Sen. Schumer optimistic that Senate negotiators can end the government shutdown

(CBS News) New York Sen. Charles Schumer, the number three Democrat in the Senate, said on "Face the Nation" Sunday that he's "cautiously hopeful" there will be an agreement to end the government shutdown and raise the nation's debt ceiling.

Schumer is part of a bipartisan group of senators including Senate Majority Leader Harry Reid, D-Nev., and Minority Leader Mitch McConnell, R-Ky. that met Saturday to negotiate an end to the crisis. While Schumer said he could not get into details, "the frameworks they each had were not that far apart. ... With the president, with Senate Democrats, with Senate Republicans, there's a will. We now have to find a way. We know the House won't find that way."

Schumer pointed to the looming cuts mandated by the sequester as a way to spark an agreement. Both Democrats and Republican want to undo the cuts, Schumer said, but in different ways: Republicans hope to replace the cuts to defense programs and other areas with entitlement cuts, and Democrats want to mix entitlement cuts and new revenues. He suggested that a bill that opened up the government until Jan. 15, when the sequester cuts take place, could lead to discussions.

"I am more optimistic than most we could come to an agreement. That was one place where the House Republicans and the president were not at total loggerheads," Schumer said. "The plan would be open up the government immediately for a period of time before the sequester hits and then have serious discussions where we might be able to undo the sequester. I'm optimistic that could work."

Sen. John McCain, R-Ariz., said that the sequester was indeed a sticking point in talks. "I'm very worried about the devastation to our military and our defense. But at the same time, we do have to rein in spending," he said.

Though McCain said he was glad negotiations had started, Senate Republicans argue there is a lack of leadership from the White House. In particular, they are frustrated that President Obama rejected a plan from Sen. Susan Collins, R-Maine, that would have raised the debt ceiling through January, reopened the government through March and repealed the medical device tax in the health care law. McCain even suggested that "we need to get [Vice President] Joe Biden out of the witness protection program" to help broker a deal, a reference to Biden's relative absence from the negotiations and the fact that he helped broker the agreement to avert the so-called "fiscal cliff" at the start of 2013.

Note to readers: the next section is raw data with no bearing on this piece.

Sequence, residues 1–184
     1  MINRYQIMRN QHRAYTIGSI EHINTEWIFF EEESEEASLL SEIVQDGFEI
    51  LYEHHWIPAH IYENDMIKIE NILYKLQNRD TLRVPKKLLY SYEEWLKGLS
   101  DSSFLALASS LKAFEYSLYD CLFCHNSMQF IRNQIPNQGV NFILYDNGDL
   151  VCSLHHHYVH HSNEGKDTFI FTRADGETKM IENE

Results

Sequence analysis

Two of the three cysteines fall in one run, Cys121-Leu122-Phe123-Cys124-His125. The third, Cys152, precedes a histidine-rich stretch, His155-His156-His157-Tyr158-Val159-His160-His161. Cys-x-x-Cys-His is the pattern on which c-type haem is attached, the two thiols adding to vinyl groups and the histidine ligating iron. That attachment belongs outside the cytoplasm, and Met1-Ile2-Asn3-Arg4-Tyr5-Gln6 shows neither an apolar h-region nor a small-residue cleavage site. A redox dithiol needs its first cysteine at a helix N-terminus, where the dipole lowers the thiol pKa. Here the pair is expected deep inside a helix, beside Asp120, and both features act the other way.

Senate Democrats rejected Collins' plan Saturday, arguing there was not enough in it for Democrats and Republicans to agree on. "They're not doing us any a favor by reopening the government," Reid on Saturday. "They're not doing us a favor by extending the debt ceiling. That's part of our jobs. That's why we've said open the government, let us pay our bills and we need to do that before we have any agreement on what goes after that."

The Collins plan, he added, "is not going to anyplace at this stage."

McCain expressed disappointment with Reid's response. "Twice they were close to a deal and the Democrats moved the goalpost in light of the polling data," he said. "I'm very disappointed that the president of the United States has not played a more active role in this, as Bill Clinton did back in '95."

Sen. Kelly Ayotte, R-N.H., said she thought Collins' plan had brought them close to an agreement, but that the president was giving them "a zero-sum response."

"It's time to get out of our trenches and resolve this, and we need presidential leadership," she said. But Schumer said that the debt ceiling needs to be raised for a longer period of time than any of the Republican plans have offered. The House Republicans, for example, offered a clean six-week raising of the debt ceiling.

When Schieffer asked Ayotte whether she believed the government would default this week, she said, "we can't do that."

But that's not an attitude shared among the entire Congress. Rep. Tim Huelskamp, R-Kan., said, the White House was merely "trying to scare the markets" by warning of a default.

"The reality is October 17 is a date that will not have a major impact unless the White House is able to create concern about that but the real concern is not raising the debt ceiling, Bob. ... They're spending too much money in Washington."

  • Rebecca Kaplan

    Rebecca Kaplan is a political reporter for